“Creative people are like the shark that has to keep moving forward to live,” says Barry Martin, managing director of Napa’s Lucky Penny Productions. “If we don’t tell stories, who are we?”
That “show must go on attitude” continues as local theater companies adjust to the pandemic-necessitated limitations on live performances. Some have canceled or significantly postponed their 2020–21 seasons, while others have made substantial investments in streaming technology.
“Our whole world has been turned upside down,” said Left Edge Theatre’s Argo Thompson. “Each of us is attempting to adapt. Left Edge is very fortunate for the support we have received during this time, including a few months of rent forgiveness from the Luther Burbank Center, donations from subscribers and patrons, PPP loans and grants from the Sonoma County Community Foundation and Creative Sonoma. These funding streams provided us the time and resources to create a new business model and invest in remote equipment and infrastructure.”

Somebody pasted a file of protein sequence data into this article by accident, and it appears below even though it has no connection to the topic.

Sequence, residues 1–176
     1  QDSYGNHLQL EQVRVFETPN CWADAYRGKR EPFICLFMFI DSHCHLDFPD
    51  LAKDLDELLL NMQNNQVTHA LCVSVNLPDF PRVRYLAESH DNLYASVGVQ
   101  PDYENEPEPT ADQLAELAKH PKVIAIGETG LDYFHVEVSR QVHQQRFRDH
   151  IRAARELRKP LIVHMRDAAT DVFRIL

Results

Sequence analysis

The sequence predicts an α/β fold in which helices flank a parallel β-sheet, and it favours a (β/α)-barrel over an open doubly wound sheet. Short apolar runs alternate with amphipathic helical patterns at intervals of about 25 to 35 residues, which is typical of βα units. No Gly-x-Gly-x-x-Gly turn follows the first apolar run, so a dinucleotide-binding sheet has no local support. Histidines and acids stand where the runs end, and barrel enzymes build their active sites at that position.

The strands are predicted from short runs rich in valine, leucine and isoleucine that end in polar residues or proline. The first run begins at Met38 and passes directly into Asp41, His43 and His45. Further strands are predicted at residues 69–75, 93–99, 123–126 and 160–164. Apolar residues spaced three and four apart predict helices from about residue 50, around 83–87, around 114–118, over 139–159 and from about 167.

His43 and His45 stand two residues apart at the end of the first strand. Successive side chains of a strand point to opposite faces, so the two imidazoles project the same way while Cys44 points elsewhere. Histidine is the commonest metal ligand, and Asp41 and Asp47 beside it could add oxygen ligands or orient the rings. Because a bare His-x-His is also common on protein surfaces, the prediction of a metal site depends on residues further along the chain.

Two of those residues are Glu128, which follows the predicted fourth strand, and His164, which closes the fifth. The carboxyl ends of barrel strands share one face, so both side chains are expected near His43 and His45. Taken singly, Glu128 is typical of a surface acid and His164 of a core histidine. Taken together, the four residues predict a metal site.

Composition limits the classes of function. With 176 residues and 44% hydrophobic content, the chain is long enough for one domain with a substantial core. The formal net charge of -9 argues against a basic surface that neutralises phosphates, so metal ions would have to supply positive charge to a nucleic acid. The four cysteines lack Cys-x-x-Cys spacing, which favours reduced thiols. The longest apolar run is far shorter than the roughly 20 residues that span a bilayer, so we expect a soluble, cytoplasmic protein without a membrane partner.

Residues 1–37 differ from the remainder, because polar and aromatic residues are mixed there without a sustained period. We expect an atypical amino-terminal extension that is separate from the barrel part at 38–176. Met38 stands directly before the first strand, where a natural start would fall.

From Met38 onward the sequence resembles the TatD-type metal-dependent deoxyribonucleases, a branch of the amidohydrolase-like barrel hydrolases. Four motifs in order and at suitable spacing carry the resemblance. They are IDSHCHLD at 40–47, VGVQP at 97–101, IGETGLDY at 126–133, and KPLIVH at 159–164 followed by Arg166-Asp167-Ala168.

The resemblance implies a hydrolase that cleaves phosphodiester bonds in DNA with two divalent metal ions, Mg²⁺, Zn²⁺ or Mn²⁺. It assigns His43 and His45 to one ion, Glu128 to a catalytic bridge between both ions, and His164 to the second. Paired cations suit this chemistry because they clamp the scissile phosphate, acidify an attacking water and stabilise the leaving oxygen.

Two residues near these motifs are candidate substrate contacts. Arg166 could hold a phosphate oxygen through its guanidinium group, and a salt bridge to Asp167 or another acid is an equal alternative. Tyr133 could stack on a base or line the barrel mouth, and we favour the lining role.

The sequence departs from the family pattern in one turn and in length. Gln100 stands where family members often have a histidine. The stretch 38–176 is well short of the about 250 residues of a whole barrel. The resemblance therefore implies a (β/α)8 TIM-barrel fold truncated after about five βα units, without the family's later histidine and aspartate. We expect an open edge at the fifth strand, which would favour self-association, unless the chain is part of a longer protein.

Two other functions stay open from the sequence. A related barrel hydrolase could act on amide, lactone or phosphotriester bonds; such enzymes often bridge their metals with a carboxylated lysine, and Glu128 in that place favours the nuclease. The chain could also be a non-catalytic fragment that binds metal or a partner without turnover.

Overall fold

They plan to move forward with a complete season of streaming plays starting Sept. 4 with Lynn Nottage’s Pulitzer Prize–winning Sweat.
“We believe our work and connection with our audience is more important than ever,” Thompson said. “The plays in our 2020–21 season have some amazing things in common. First, they are all written by female playwrights. Secondly, they all have themes that are relevant to this moment. Each play helps to identify broken systems and imagines new ways of being together. Our season is all about elevating the silenced.”
One component of their season will be a “New Works” Festival, something that several other companies plan to mount. Lucky Penny has solicited submissions from Bay Area writers for their October Short “Play-demic” Festival, a collection of stories for the stage about how life has been affected since the pandemic began, how life proceeds in the midst of it and what happens next.
Cloverdale’s Performing Arts Center plans a streaming Festival in September featuring works by North Bay artists on the theme of injustice.
“We hope that by creating theater that promotes discussion and reflection, we can continue to move forward while also giving back,” said CPAC Artistic Director Yavé Guzman. “20 percent of any donations received through the end of September will be given to the ACLU of Northern California, who work continuously for social justice.”
For audiences looking for more traditional theater, the Santa Rosa Junior College Theatre Arts Department is currently holding video auditions for an October streaming production of Agatha Christie’s Murder on the Orient Express.
The heart of theater continues to beat in the North Bay.